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'Que' and 'De Que' Following a Noun

Both Can Be Translated as 'That'

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The distinction between de que and que can confusing for English speakers because they are both frequently used to translate "that." See the following two pairs of examples:
  • El plan que quiere es caro. The plan that he wants is expensive.
  • El plan de que los estudiantes participen en las actividades es caro.The plan that students participate in the activities is expensive.
  • ¿Cuál era el concepto que Karl Marx tenía sobre el poder del estado? What was the concept that Karl Marx had about the power of the state?
  • Es común escuchar el falso concepto de que el estado no debe de ser poderoso. It is common to hear the false concept that the state shouldn't be powerful.
Structurally, all these sentences follow this pattern:
  • English: subject of sentence ("plan" or "concept") + dependent clause beginning with "that"
  • Spanish: subject of sentence (plan or concepto) + dependent clause beginning with que or de que
So why the use of que in the first sentence of each pair and de que in the second? The grammatical difference between those may not be obvious, but in the first one, que translates "that" as a relative pronoun, while in the second de que translates "that" as a conjunction.

Although que can be used as a subordinate or subordinating conjunction when it follows a verb, de que normally is used as a subordinating conjunction following a noun.

So how can you tell if you're translating a sentence of this pattern to Spanish if "that" should be translated as que or de que? Almost always, if you can change "that" to "which" and the sentence still makes sense, "that" is being used as a relative pronoun and you should use que. Otherwise, use de que. See how in the following sentences either "which" or "that" makes sense in English (although "that" is preferred by many grammarians):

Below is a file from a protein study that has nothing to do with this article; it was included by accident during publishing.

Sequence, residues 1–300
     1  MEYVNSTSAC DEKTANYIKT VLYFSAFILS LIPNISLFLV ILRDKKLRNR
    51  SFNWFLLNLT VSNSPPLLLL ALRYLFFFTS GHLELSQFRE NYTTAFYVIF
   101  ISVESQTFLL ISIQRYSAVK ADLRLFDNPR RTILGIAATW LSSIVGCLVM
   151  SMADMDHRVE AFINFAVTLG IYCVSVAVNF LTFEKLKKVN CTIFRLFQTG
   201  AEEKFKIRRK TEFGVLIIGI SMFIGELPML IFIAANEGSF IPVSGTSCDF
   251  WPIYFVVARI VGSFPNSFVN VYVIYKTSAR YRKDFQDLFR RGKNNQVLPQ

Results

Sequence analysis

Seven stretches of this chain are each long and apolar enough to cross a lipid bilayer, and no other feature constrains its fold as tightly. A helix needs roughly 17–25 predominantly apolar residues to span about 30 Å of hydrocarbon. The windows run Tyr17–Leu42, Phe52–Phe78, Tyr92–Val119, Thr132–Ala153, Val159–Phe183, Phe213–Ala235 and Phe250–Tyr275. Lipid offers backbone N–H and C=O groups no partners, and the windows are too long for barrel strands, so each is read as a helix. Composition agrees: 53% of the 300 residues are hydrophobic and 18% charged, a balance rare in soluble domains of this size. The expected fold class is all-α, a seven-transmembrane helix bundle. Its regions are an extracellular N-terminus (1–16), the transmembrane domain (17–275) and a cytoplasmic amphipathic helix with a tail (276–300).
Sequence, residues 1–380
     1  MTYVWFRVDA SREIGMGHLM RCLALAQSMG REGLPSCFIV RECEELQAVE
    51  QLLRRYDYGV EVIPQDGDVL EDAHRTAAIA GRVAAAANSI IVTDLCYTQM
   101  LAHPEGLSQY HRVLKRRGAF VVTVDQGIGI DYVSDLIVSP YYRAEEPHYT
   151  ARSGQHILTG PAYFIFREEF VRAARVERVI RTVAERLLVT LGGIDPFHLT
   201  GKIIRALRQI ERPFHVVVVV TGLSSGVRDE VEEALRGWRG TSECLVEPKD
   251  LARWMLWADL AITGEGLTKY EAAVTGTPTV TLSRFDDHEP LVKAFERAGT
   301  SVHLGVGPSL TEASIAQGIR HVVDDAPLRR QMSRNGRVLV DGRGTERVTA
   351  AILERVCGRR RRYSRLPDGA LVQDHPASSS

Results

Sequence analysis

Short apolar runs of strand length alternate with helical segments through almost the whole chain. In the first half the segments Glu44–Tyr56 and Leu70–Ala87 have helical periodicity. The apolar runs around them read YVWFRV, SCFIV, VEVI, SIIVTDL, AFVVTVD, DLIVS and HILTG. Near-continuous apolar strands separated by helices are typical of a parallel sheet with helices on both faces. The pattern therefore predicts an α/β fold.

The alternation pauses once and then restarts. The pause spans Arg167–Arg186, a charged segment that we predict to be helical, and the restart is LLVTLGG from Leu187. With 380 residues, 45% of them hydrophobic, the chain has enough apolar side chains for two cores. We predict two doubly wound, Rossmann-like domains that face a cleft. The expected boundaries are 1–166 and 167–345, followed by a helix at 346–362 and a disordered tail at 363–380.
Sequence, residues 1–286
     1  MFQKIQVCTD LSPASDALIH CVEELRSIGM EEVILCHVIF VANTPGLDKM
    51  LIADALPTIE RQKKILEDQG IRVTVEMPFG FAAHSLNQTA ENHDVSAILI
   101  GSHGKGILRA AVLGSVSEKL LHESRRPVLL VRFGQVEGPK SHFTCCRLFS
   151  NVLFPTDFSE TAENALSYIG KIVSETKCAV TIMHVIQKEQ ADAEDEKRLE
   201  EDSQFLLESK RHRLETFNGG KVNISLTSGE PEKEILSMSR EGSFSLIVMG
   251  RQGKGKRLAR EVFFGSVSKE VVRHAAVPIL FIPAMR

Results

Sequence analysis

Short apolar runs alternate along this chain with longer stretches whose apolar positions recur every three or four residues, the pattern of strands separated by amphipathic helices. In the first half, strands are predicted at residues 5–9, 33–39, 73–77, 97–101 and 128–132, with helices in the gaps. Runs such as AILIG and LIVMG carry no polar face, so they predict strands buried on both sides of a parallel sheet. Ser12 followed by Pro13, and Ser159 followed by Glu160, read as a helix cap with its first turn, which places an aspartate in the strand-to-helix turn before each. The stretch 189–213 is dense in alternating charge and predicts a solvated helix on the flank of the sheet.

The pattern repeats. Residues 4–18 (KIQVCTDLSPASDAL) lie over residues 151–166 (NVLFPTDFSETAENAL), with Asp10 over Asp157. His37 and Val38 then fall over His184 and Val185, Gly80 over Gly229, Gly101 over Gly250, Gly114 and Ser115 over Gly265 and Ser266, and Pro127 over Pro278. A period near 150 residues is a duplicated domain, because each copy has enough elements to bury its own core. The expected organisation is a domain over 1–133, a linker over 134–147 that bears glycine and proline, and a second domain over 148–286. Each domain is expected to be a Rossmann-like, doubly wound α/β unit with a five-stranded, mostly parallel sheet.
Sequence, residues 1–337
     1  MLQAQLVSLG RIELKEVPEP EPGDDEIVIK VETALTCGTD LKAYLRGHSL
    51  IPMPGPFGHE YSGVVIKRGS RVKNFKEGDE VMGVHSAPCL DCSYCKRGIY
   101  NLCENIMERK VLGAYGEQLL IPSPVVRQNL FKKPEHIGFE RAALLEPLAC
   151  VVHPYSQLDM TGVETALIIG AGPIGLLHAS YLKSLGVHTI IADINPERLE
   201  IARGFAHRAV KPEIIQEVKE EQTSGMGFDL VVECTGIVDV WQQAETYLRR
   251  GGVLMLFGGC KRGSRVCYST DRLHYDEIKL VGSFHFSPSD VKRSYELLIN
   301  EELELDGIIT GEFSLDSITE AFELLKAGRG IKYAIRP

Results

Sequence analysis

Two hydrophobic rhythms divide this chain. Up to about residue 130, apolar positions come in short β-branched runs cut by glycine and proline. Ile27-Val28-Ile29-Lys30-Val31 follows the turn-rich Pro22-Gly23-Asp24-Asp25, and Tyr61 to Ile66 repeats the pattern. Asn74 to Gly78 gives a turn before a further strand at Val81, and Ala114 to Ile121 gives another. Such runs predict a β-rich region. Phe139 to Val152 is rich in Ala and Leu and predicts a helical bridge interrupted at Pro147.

• Es una nación que busca independencia. It is a country that/which is seeking independence.
  • No hay factores de riesgo que se puedan identificar para la diabetes tipo 1. There are no risk factors that/which can be identified for Type 1 diabetes.
  • La garantía que brinda General Motors es aplicable a todos los vehículos nuevos marca Chevrolet. The guarantee that/which General Motors offers is applicable to all new Chevrolet-brand vehicles.
And here are some examples of de que being used as a conjunction. Note how the "that" of the English translations can't be replaced by "which":
  • El calcio reduce el riesgo de que el bebé nazca con problemas de peso. Calcium reduces the risk that the baby is born with weight problems.
  • Hay señales de alarma de que un niño está siendo abusado. There are warning signs that a child is being abused.
  • No hay ninguna garantía de que esta estrategia pueda funcionar. There is no guarantee that this strategy can work.
  • Ecuador admite posibilidad de que jefes de las Farc estén en su territorio. Ecuador is admitting the possibility that FARC leaders are in its territory.
  • La compañía quiere convencernos de que su producto es ideal para los jugadores empedernidos. The company wants to convince us that its product is idea for hard-core gamers.
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